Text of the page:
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The "Challenge 12: Solution" Lesson is part of the full, Building Awesomer Apps with Angular course featured in this preview video. Here's what you'd learn in this lesson:

Lukas walks through the solution for Challenge 10. Lukas takes questions from students.

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Transcript from the "Challenge 12: Solution" Lesson

>> Lucas: Let's jump in and solve this challenge. We're basically creating a status component. So first thing's first.
>> Lucas: How do I wanna do this? Do this from the command line so ng g C Status. I'm just gonna put it, we're not nesting it or anything. Then we'll do /m and it's app.module.ts.

>> Lucas: So component is created. Let's hop into our code, and let's go into our home component. So we're operating under the assumption that the status component is been added to our module. So the next thing is that once you generate it from the CLI, it's ready to go.

[00:00:55] So in our home component
>> Lucas: home.component.html
>> Lucas: I'll just go ahead and add this so, believe it's gonna be app-status.
>> Lucas: And let's see if this renders.
>> Lucas: Status works. Okay so that is, I think even with commentary that took me like three minutes or less. So getting components up and running and in your application, very, very easy.

[00:01:36] So now let's go ahead and do the property binding. So we're sending something from the parent into the child. So when you're doing an input or when you're doing inputs and outputs, those are defined at the child component. So the child component is saying, this is what I'll accept in and this is what I'm going to communicate out.

[00:02:00] So we'll go input, and remember this is a function you have to call it or you'll run into problems. And we'll just go currentStatus.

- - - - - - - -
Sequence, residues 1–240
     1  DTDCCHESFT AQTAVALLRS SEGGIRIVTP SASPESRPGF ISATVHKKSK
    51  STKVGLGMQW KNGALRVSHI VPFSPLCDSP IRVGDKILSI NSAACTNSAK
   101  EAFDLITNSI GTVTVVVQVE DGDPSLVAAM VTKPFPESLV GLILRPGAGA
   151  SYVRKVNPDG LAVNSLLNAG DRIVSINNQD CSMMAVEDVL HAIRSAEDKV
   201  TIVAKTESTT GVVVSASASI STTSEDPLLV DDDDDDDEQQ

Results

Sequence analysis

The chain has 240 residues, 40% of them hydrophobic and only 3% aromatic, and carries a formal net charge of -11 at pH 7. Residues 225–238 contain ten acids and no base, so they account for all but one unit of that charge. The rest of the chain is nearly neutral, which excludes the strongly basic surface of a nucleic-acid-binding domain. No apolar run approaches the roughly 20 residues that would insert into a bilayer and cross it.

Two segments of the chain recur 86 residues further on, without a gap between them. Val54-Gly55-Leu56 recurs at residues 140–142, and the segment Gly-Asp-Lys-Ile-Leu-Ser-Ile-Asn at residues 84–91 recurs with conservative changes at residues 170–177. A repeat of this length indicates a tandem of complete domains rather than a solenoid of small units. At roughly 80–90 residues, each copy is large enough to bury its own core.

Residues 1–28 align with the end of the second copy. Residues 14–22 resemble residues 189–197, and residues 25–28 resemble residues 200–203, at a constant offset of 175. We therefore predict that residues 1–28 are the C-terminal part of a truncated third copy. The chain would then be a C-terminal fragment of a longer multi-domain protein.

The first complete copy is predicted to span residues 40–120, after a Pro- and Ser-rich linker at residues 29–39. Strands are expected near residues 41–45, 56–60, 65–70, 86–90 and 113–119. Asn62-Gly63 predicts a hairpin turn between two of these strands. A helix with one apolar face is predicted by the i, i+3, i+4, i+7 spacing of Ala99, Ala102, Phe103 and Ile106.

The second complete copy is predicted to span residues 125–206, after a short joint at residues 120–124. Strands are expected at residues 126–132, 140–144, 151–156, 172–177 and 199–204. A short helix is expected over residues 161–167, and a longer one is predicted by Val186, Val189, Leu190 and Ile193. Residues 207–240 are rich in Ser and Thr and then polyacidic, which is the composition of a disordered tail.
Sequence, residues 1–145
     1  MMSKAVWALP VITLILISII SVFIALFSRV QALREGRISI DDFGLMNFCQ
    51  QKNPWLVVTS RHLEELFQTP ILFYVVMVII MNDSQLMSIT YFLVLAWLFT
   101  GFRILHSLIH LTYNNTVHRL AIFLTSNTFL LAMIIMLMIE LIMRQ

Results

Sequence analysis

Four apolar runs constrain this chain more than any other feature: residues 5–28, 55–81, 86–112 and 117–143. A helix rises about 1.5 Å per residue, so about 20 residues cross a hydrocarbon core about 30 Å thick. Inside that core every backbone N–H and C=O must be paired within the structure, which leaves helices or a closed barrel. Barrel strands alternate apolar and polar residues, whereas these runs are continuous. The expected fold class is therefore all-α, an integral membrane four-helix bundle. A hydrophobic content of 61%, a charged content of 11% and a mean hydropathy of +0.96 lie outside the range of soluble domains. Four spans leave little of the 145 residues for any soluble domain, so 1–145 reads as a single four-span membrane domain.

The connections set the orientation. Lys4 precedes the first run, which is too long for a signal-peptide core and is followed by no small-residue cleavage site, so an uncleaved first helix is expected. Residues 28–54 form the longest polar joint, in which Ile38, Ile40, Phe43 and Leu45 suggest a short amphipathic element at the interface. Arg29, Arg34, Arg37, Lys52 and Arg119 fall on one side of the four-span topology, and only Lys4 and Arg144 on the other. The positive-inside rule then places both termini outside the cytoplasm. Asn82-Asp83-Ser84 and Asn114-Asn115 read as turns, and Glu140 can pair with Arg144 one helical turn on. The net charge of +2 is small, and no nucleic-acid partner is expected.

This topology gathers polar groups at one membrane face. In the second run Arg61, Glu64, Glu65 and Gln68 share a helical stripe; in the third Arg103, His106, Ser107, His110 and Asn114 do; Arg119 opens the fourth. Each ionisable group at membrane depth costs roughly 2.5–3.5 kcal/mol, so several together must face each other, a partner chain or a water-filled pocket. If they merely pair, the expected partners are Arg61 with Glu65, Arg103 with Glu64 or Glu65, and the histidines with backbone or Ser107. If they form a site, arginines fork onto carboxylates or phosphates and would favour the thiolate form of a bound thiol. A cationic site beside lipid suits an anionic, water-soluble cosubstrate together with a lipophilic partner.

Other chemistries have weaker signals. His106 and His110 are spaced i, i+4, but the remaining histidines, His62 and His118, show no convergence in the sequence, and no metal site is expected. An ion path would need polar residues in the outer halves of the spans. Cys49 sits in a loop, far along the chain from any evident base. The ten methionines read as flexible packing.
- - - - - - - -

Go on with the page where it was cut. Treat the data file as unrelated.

>> Lucas: Okay, so now that we've created this input, we now have a property that we can bind to on the parent component. So if we go over to the home component,

>> Lucas: You'll notice, hopefully, WebStorm picks this up, currentStatus. This is, whew, and I'm just gonna put something here, we'll just say myStatus. This doesn't exist yet, but this is what we wanna populate it with. So let's go back to home.component.ts and let's go myStatus and we'll just say active.

>> Lucas: Okay, so now we've set it on the parent component and we are passing it to the child component, the others property. So they're basically binding on the same property. So if we then go to status components, let's actually go status component.html.
>> Lucas: We'll go h1,
>> Lucas: My Status

>> Lucas: currentStatus. And so now we're saying, when this comes in, go ahead render it in the child template. So if we go back here, the current status is active. Let's take this one step further just so we can show you that when it changes on the parent, it changes in the child.

[00:04:05] So I'm going to borrow an element.
>> Lucas: From this form over here. Let's hop back into the home component.
>> Lucas: And for this will go in g model. Now one thing I need to do is double bind this,
>> Lucas: Go ahead and set a placeholder here and what I'll do as well, let me just kinda start to break this out, just cuz we only have so much space.